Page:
VIENNA, May 14 — Inspectors for the International Atomic Energy Agency have concluded that Iran appears to have solved most of its technological problems and is now beginning to enrich uranium on a far larger scale than before, according to the agency’s top officials.
The findings may change the calculus of diplomacy in Europe and in Washington, which aimed to force a suspension of Iran’s enrichment activities in large part to prevent it from learning how to produce weapons-grade material.
In a short-notice inspection of Iran’s operations in the main nuclear facility at Natanz on Sunday, conducted in advance of a report to the United Nations Security Council due early next week, the inspectors found that Iranian engineers were already using roughly 1,300 centrifuges and were producing fuel suitable for nuclear reactors, according to diplomats and nuclear experts here.
Until recently, the Iranians were having difficulty keeping the delicate centrifuges spinning at the tremendous speeds necessary to make nuclear fuel and were often running them empty or not at all.
Now, those roadblocks appear to have been surmounted. “We believe they pretty much have the knowledge about how to enrich,” said Mohammed ElBaradei, the director general of the energy agency, who clashed with the Bush administration four years ago when he declared that there was no evidence that Iraq had resumed its nuclear program. “From now on, it is simply a question of perfecting that knowledge. People will not like to hear it, but that’s a fact.”
It is unclear whether Iran can sustain its recent progress. Major setbacks are common in uranium enrichment, and experts say it is entirely possible that miscalculation, equipment failures or sabotage — something the United States is believed to have attempted in the past — could prevent the Iranian government from reaching its goal of producing fuel on what President Mahmoud Ahmadinejad of Iran boasts is “an industrial scale.”
The material produced so far would have to undergo further enrichment before it could be transformed into bomb-grade material. To accomplish that, Iran would likely first have to evict the I.A.E.A. inspectors, as North Korea did four years ago.
Even then, it is unclear whether the Iranians have the technology to produce a weapon small enough to fit atop their missiles, a significant engineering challenge.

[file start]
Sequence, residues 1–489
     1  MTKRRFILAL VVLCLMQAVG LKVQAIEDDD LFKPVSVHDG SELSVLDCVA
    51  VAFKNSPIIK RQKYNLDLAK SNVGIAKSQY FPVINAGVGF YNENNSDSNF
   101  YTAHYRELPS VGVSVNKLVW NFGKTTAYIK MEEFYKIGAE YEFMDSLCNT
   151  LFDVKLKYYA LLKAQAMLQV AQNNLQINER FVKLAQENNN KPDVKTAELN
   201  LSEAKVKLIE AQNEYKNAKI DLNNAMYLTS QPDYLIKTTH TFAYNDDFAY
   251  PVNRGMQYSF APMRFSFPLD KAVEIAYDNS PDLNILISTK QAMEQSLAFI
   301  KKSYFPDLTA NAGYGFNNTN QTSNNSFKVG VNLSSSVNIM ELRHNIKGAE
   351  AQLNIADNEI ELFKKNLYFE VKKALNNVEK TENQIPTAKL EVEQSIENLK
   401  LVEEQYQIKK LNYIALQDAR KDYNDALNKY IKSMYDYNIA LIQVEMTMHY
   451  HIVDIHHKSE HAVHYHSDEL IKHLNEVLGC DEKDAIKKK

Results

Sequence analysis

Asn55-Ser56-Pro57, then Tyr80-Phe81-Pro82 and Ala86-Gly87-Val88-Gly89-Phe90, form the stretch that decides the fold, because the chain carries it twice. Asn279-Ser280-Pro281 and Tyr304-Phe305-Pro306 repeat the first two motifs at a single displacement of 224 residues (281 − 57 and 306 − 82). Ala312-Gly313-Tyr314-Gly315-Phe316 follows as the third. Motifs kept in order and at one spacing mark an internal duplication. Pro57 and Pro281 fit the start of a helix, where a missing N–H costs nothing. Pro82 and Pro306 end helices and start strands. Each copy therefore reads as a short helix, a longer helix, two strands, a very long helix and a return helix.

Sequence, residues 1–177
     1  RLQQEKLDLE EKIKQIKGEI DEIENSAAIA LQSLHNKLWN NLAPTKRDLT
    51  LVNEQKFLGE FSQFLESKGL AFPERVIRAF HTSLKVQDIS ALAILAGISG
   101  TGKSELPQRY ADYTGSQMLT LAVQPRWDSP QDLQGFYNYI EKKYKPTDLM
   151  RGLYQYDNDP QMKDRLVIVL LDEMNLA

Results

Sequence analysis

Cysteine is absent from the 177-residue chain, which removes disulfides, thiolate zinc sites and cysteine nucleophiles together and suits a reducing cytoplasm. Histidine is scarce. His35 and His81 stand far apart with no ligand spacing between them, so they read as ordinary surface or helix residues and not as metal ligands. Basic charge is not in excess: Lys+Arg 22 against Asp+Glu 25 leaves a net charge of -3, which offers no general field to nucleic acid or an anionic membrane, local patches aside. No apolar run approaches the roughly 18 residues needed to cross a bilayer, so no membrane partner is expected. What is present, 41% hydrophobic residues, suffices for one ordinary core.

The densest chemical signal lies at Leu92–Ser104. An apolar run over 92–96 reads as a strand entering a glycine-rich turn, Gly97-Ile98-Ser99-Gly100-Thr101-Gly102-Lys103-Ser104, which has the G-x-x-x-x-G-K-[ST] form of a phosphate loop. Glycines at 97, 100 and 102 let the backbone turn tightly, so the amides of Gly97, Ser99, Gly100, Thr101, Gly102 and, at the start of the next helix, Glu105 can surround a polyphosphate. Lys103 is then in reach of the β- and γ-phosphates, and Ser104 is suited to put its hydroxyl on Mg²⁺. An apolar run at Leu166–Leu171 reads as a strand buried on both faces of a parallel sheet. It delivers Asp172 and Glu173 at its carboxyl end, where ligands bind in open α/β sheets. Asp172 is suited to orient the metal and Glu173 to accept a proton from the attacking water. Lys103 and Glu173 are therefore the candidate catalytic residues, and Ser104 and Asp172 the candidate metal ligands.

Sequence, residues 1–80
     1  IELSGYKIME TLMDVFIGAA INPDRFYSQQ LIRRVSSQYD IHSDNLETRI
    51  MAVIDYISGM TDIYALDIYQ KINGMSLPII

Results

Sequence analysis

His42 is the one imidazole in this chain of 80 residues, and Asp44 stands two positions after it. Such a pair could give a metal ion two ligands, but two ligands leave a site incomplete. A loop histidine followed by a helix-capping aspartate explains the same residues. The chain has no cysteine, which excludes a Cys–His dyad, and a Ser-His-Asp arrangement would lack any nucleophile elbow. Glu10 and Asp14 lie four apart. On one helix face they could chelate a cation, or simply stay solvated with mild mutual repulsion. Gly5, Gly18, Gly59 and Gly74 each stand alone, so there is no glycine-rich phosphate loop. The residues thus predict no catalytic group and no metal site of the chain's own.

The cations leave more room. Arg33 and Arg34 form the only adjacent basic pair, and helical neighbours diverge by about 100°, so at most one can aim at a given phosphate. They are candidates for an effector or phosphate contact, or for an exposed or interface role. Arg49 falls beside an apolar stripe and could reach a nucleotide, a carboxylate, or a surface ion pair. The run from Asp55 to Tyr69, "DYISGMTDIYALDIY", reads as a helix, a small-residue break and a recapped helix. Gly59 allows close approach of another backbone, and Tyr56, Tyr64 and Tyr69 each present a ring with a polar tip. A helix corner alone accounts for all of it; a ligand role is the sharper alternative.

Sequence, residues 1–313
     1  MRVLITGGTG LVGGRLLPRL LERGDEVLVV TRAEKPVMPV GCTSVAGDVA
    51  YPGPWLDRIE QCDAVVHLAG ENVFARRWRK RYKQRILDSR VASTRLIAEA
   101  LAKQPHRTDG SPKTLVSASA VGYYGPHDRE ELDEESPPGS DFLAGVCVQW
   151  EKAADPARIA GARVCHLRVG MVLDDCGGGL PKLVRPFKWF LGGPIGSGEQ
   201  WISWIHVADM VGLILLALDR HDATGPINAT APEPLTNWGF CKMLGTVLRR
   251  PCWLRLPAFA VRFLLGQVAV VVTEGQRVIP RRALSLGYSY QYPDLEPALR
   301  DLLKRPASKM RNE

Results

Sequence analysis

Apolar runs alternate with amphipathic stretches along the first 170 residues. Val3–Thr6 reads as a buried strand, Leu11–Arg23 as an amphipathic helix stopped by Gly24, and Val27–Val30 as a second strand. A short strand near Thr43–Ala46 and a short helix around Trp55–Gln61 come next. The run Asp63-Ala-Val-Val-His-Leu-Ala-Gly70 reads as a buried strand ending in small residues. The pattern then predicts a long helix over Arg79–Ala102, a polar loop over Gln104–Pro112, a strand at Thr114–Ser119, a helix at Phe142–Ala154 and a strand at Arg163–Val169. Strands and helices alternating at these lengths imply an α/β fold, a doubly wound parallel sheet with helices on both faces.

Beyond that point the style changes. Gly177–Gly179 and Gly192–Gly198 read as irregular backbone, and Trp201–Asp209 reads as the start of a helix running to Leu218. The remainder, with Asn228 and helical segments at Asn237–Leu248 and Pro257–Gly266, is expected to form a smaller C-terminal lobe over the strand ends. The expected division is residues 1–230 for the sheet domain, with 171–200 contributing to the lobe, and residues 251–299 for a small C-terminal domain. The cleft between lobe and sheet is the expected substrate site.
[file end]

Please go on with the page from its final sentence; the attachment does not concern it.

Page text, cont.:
While the United Nations Security Council has passed a resolution demanding that Iran suspend all of its nuclear activities, and it has twice imposed sanctions for Tehran’s refusal to do so, some European nations, and particularly Russia, have questioned whether the demand for suspension still makes sense.
The logic of demanding suspension is that it would delay the day that Iran gained the knowledge to produce its own nuclear fuel — what the Israelis used to refer to as “the point of no return.” Those favoring unconditional engagement with Iran have argued that the current strategy is creating a stalemate that the Iranians are exploiting, allowing them to make technological leaps while the Security Council steps up sanctions.
The Bush administration, in contrast, has argued that it will never negotiate while the Iranians speed ever closer to a nuclear weapons capability, saying there has to be a standstill as long as talks proceed. In a telephone interview, R. Nicholas Burns, the undersecretary of state for policy, who is implementing the Iran strategy, said that while he has not heard about the I.A.E.A.’s newest findings, they would not affect American policy.
“We’re proceeding under the assumption that there is still time for diplomacy to work,” he said, although he added that if the Iranians did not agree to suspend production by the time the leaders of the Group of 8 industrial nations meet next month, “we will move ahead toward a third set of sanctions.”
Mr. ElBaradei has always been skeptical of that strategy, telling European foreign ministers that he doubts the Iranians will fully suspend their nuclear activities and that a face-saving way must be found to resolve the impasse.
“Quite clearly, suspension is a requirement by the Security Council and I would hope the Iranians would listen to the world community,” he said. “But from a proliferation perspective, the fact of the matter is that one of the purposes of suspension — keeping them from getting the knowledge — has been overtaken by events. The focus now should be to stop them from going to industrial scale production, to allow us to do a full-court-press inspection and to be sure they remain inside the treaty.”